The first recorded prophecies of the “death of work” came in the later days of the Roman Empire where the spread of water wheels led to collapse in the price of slaves in Dalmatia. In the 16th Century clockwork automata (alias robots) were fashionable and about as useful as most of the domestic robots of today, albeit very much more expensive. As a student I enjoyed reading Thomas Love Peacock‘s comments on the similar arguments that accompanied the industrial revolution. Meanwhile his “day job” was at The East India Office, organising the telegraphic communications across India and back to London, helping transform the world beyond the most far fetched dreams and nightmares of those he satirised.
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In 1977 the BBC Horizon Programme “Now the Chips are Down” triggered a series of studies into the “death of work” that would follow the micro-electronics revolution. I represented my ASTMS on that organised by the TUC for the then Labour Government. I was introduced by the General Secretary at one event as “the acceptable face of the Tory Party, he pays the levy”. At the same time I was working, via what is now the Conservative Science and Technology Forum, on policy studies to handle the implications. “Cashing in on the Chips” (published in 1979) was one the best selling CPC pamphlets of all time and I spent nearly an hour on the Jimmy Young programme explaining that “In ten years time when North Sea oil peaks out, the price of energy in the UK will soar. In twenty years time our workforce will shrink as a result of the fall in the birth rate, while the number of senior citizens to be supported will continue to grow. The wealth creating potential of the Chip revolution is our best way out of the combination of crises that loom over Britain.
“The key to realising that potential is to remove the fear of unemployment so that change is welcomed not resisted. This requires freedom of movement to enable the worker redundant in one job, trade or town to move without excessive tribulation to another. Government action is needed to: … ”
Some of the actions were implemented to time, such as “a microcomputer … in every secondary school in Britain by 1982” although the “appropriate teaching material to support staff” did not even begin to arrive until several years later and the budget of the “Micro-electronics support unit” was a fraction of the “ten times the hardware budget” I had specified in the support papers.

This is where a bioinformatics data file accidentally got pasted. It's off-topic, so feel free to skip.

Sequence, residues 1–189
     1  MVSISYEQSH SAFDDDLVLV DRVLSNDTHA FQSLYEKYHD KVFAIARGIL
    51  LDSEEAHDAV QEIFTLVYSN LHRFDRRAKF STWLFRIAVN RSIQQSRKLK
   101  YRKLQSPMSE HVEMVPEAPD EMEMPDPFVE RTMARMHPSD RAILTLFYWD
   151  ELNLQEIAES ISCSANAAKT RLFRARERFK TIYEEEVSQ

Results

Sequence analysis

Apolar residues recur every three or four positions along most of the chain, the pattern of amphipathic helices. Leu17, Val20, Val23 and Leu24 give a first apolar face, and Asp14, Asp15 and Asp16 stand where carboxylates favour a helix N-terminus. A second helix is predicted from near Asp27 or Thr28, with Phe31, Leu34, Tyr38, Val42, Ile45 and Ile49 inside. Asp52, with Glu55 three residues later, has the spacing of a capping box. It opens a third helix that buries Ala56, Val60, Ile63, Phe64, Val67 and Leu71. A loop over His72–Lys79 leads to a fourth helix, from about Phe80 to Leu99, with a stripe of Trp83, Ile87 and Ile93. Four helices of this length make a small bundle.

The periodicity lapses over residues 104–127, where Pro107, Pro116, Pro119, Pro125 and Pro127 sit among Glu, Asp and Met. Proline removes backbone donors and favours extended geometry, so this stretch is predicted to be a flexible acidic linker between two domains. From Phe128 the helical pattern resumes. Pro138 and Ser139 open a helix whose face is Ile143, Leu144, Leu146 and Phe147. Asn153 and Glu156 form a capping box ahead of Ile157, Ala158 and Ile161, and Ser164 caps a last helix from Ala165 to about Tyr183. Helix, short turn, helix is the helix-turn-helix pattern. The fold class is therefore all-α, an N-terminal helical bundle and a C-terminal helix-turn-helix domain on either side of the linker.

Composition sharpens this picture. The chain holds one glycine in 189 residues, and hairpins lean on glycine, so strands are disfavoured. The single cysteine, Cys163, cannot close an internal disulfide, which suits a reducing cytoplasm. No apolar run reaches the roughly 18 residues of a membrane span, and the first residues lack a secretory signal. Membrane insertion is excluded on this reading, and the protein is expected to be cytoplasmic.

In 1982 I was asked to present to the UK technical press on the educational implications of the rise of AI and Artificial Intelligence and I recently put the original paper on “Learning for Change: training, retraining and life-long education for multi-career lives” back on line – because the analysis and conclusions are once again apposite.
Then in 1984 the first page of “No End of Jobs” concluded with a stark warning: “If we do not make better use of technology to create more wealth and simultaneously release and equip manpower to take better care of the elderly, you and I will grow old and cold alone, in the dark.”
We may have addressed the “problem” of a falling indigenous birthrate by opening the floodgates to immigration, but there is still no sign of our making serious progress in deploying the technologies available to help provide humane and efficient care for frail and elderly (about to include my contemporaries and myself) at affordable cost.
Meanwhile I look at the applications of AI and Robotics being hyped today.
In this area, as with most of the so-called “Smart City” and “Big Data” applications “Tomorrow came yesterday”. Many have already been done successfully using earlier generations of technology – albeit often by organisations with little or no reason to spend time or money telling others what they have done. Many require large numbers of technicians to install and maintain and/or a robust and reliable digital communications infrastructure that we have not yet got. I composed this while my terrestrial broadband was down (fault at the Gypsy Hill exchange). The service has just come back after 16 hours. Were I in the rural area that might not be unusual but for a not very leafy London Suburb … More-over the outage was “only” over Saturday night … but it reinforced my reluctance to trust business systems, let alone, my personal care to any services that rely on “always on” Internet connections.
Perhaps if we did not have such a chronic shortage of those with the technician level skills (hardware as well as software) to understand, develop, install and maintain AI and Robotics systems we would have less hype and more practical progress. I say technician level, because almost all are akin to those in the old BTEC/HNC qualifications. There is a particular need to include a good grounding in basic statistics and security by design, without which the computer scientists and electrical engineers of today are part of the problem – not the solution. We need to retrain, and perhaps certificate and register, most so-called “professionals” before they are employed in this area.
I get bored talking about professionalism but do make time to blog on the work currently under way to organise level 3 digital apprenticeships – with specialism from cyber and security by design, through AI, Robotics and Big Data to IOT applications. Meanwhile it is interesting to note that, according to a recent Sutton Trust Report leaving school at 16 to get a Level 3 apprenticeship is worth marginally more than staying on to do ‘A’ levels. Meanwhile a level 4 apprenticeship is worth the same as a non Russell Group degree and a level 5 is worth more. I am told, however, that it is harder to get onto some of the leading level 5 digital apprenticeship courses than into Oxbridge!